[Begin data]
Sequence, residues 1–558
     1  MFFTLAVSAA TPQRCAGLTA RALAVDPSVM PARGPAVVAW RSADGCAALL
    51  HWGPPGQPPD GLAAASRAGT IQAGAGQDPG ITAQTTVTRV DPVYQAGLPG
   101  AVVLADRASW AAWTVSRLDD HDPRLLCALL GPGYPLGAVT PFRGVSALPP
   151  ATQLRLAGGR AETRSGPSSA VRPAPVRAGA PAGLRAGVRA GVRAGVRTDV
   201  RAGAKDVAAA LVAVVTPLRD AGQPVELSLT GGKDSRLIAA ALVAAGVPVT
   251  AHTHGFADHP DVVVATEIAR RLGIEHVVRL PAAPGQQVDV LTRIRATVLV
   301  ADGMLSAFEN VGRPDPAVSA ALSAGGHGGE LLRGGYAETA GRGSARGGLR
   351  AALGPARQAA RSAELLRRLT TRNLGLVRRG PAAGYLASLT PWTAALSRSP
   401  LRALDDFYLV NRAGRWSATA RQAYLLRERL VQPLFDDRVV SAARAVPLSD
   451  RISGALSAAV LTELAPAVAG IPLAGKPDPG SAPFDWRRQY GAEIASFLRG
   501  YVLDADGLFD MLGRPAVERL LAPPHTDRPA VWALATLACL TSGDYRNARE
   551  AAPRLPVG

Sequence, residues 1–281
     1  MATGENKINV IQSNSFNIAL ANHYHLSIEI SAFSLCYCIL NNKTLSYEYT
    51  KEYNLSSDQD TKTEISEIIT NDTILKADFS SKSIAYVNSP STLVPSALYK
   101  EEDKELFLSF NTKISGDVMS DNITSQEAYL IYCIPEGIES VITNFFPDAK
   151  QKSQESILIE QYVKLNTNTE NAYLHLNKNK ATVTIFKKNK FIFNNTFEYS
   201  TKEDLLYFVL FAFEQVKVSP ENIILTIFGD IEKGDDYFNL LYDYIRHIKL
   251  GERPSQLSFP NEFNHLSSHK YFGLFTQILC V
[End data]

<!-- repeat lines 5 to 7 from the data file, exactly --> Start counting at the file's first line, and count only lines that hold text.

   151  ATQLRLAGGR AETRSGPSSA VRPAPVRAGA PAGLRAGVRA GVRAGVRTDV
   201  RAGAKDVAAA LVAVVTPLRD AGQPVELSLT GGKDSRLIAA ALVAAGVPVT
   251  AHTHGFADHP DVVVATEIAR RLGIEHVVRL PAAPGQQVDV LTRIRATVLV